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pci compliance

Posted on 2014-02-13
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Last Modified: 2014-02-17
I have a business that accepts credits cards.  currently I run windows xp behind a sonicwall firewall on 20 pc's in 10 different sites.  when Microsoft ends support for this operating system will I not be in compliance with pci standards?  if so, what is the most cost effective way to stay compliant?  thank you
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Question by:StewartGilligan
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by:Abhilash
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AFAIK yes you will not be. If your environment is audited and its found that you run a system that's not supported anymore, you might not be compliant anymore.
I would suggest you to think of migrating to a later version of windows.
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by:diverseit
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Hi StewartGilligan,

It may depend on your classification Type A, B, C-D. But irrespectively, I would think it would be yes you will not be compliant because XP will be a haven to hackers and malware to reside once support is over but I'm not certain. Microsoft will not longer supply critical security patches and bug fixes so that leaves exploits wide open. To stay compliant you should A) upgrade to Windows 7 or 8, or B) you a third-party to house your credit card data. In the later they would assume all the risk and use tokens to process a transaction to keep you from needing compliance at all.

Let me know if you have any other questions!
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Rich Rumble earned 300 total points
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Technically no, there is no violation of PCI for using out of date OS's. I've been in many organizations that to this day use NT4/win2k or very old Unix/Linux because they have some legacy thing they "can't" live without. PCI is all about compensating controls and security measures or techniques. It is not about running this OS or that one. There are some best practices like staying up to date with patches, and in this case there will be no more patches after a certain point, so technically you will be up to date on them.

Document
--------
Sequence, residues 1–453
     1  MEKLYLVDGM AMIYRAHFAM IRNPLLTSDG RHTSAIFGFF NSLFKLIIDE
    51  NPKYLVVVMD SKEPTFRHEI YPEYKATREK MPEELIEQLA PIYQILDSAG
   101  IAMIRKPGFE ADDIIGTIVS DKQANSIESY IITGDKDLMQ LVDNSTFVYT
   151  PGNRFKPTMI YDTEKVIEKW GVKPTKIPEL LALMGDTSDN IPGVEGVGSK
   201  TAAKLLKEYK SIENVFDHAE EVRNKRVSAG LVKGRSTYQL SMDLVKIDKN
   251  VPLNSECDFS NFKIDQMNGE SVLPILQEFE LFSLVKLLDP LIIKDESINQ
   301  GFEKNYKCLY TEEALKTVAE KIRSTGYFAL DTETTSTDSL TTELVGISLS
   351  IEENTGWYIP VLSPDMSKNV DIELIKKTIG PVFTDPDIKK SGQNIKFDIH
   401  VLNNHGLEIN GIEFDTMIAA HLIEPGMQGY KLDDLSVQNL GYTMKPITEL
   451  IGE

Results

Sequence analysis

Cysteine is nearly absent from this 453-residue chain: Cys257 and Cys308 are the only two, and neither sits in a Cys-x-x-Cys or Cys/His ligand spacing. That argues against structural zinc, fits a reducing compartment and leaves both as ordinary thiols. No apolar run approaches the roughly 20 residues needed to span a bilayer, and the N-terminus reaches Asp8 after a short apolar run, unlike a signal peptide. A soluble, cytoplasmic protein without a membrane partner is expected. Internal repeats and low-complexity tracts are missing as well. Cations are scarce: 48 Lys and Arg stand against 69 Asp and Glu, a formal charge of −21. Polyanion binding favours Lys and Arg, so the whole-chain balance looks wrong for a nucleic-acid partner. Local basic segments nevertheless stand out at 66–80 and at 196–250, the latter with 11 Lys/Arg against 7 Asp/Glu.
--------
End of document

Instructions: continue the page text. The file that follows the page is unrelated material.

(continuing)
Others see it as black and white: http://www.vendorsafe.com/blog/2013/09/can-your-point-of-sale-be-compliant-after-the-end-of-microsoft-xp/
But PCI isn't like that, I've been through two dozen audits, and it depends on how your data is stored. If your using XP in your network, no problem as long as you have compensating controls that limit those machines from accessing PCI data. If you use XP to store you PCI data, then there is no compensating control for that, that will never pass a QSA's sniff test.
Again I've been on networks that use a lot of outdated hardware and software, you can make a case (well document it) and see what the QSA says. Read that article fully and you can see that PCI themselves say it's not "necessarily out of compliance". Even so, being out of compliance is not uncommon, and until there is a breach, nothing happens to you. It's the biggest flaw in the process, there is no penalty for being non-complainant until someone starts to sue.
-rich
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by:StewartGilligan
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thank you
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